Most states do not provide a right to a jury trial in traffic ticket cases, but you may want to exercise this right if you have it. If you prepare for the additional complexities of a jury trial, you may gain an advantage by having a jury rather than a judge hear your case. You should be aware that you will need to comply with the rules of evidence in these situations, and you may lose some sympathy from the judge by making the process more complicated. However, members of the jury may have gone through similarly frustrating experiences in the traffic system, and they may be less willing than a judge to expose a driver to serious penalties, such as the loss of their license.
A jury trial may not require a unanimous verdict for a conviction. Sometimes a jury can reach a verdict when one or two members disagree. This is even true when a jury is smaller than 12 members. In some states, a jury may consist of six or eight members, and four-member juries are not unknown.
Similar to ordinary criminal trials, a traffic ticket case that is tried to a jury will start with the jury selection process. However, there are some differences from a criminal case in how this process unfolds. A judge may ask all of the questions to potential jurors, for example, rather than the driver and the prosecutor asking questions. This process is known as voir dire, and it is meant to uncover biases held by potential jurors. Some possible sources of bias include a criminal record, a pre-existing relationship with someone involved in the case, or a job in law enforcement.
If a judge does not ask questions thoroughly, you can accept the jury or ask questions of your own. In most cases, accepting the jury may make sense to avoid frustrating a judge who already may resent going through this extra step. On the other hand, if the judge has asked questions in a perfunctory manner, you may need to ask more specific questions. You should avoid repeating questions that the judge has asked.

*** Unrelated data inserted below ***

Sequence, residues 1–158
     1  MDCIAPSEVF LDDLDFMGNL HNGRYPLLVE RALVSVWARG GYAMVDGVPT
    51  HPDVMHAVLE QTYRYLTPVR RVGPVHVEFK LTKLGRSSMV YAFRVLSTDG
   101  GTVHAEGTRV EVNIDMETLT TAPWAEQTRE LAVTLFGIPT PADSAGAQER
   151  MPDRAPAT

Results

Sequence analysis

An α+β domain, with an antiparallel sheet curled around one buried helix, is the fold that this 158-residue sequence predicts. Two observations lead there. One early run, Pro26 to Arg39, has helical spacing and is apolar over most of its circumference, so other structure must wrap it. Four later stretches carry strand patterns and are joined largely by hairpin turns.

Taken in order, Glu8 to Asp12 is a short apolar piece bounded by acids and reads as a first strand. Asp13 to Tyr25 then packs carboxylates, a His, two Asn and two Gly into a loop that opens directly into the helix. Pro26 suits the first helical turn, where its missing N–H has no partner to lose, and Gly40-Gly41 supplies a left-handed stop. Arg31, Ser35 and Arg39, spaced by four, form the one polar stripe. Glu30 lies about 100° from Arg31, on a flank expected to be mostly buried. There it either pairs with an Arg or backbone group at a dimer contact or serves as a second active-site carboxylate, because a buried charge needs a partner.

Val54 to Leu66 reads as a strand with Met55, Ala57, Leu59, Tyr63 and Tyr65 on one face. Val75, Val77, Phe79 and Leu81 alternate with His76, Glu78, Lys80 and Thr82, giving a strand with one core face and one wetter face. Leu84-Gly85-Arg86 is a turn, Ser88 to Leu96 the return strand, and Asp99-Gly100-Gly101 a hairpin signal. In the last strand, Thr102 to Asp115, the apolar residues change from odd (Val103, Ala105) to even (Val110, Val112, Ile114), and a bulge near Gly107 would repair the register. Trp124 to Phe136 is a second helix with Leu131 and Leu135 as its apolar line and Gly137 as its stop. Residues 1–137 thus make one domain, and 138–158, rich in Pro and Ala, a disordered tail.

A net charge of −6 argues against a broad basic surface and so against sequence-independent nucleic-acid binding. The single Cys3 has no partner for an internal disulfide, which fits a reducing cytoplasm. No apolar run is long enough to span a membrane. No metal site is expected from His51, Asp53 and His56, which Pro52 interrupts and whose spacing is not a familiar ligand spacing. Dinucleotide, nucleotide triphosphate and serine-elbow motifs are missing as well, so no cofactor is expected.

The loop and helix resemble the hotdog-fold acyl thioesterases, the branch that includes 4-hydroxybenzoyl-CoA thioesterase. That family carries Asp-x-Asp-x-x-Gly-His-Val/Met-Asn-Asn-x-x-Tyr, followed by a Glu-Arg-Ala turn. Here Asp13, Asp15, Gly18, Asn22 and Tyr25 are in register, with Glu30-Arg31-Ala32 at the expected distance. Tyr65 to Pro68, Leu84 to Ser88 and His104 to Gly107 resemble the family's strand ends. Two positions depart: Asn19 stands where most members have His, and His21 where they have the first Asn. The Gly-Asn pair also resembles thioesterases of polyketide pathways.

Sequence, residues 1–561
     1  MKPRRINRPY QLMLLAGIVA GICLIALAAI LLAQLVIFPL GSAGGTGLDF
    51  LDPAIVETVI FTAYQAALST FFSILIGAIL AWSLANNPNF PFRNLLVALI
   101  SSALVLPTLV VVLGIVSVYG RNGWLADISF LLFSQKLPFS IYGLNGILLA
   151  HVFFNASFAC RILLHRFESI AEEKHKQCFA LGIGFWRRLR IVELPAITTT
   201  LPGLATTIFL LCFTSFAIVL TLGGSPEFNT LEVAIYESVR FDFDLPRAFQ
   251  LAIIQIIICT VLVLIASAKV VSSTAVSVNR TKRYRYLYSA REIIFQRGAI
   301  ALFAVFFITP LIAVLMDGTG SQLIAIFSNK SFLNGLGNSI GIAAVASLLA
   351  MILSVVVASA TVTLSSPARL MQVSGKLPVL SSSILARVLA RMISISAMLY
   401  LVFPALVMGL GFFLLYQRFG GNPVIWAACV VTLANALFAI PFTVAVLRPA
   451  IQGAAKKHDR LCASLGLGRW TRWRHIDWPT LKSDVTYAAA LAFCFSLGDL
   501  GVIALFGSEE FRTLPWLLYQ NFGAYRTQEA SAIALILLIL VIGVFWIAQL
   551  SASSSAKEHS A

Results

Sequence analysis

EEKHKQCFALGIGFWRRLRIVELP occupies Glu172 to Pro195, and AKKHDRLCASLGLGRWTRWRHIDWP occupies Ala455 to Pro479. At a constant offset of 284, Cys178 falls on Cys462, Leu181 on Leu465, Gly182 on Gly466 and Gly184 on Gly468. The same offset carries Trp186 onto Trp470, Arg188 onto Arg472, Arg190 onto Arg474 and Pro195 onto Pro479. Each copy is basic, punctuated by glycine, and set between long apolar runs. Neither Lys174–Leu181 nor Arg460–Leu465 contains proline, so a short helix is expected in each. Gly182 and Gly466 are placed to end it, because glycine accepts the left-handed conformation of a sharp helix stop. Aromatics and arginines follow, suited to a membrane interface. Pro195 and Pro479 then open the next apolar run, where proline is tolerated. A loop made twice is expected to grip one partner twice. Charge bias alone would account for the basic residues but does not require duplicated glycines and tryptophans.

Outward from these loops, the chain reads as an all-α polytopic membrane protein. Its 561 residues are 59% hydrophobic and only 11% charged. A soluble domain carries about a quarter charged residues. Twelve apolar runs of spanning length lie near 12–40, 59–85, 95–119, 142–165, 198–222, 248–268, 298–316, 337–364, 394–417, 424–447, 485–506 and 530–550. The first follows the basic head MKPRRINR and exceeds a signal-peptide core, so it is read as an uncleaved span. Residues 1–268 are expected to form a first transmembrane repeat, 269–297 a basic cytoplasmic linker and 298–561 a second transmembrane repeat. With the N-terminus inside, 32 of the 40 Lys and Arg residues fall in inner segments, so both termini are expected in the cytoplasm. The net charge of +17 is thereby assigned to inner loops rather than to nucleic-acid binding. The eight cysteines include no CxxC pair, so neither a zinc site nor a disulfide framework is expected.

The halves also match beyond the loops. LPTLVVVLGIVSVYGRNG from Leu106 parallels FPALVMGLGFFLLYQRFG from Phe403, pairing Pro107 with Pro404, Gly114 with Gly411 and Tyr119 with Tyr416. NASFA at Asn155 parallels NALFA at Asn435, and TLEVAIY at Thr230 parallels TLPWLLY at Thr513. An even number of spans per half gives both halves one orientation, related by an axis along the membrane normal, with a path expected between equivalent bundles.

Removing a Juror
You can remove a juror whom you feel will be biased against you in either of two ways. First, a challenge for cause means that the juror should be disqualified because they will not be able to make an impartial decision. In most cases, the judge will exclude this type of juror automatically because their bias will emerge in response to the judge’s questions. If you need to make a challenge for cause, you should handle it courteously to avoid offending other jurors.
Second, you can make a peremptory challenge to a juror who does not have an obvious bias. You are limited to a certain number of peremptory challenges, which depends on your state but often ranges from three to 10. Peremptory challenges cannot be used in a manner that discriminates based on a juror’s race or sex, although it would be extremely unlikely for the judge or prosecutor to bother raising this issue in a traffic case.
You should trust your instincts in making a peremptory challenge, even if you cannot identify an obvious reason why a juror should be excluded. Some types of people whom you may want to exclude are people who do not drive, people who seem unhappy about being called for jury duty, and people who appear to have a very different lifestyle or worldview from yours. Again, you should handle peremptory challenges courteously so that other jurors do not get a bad impression of you.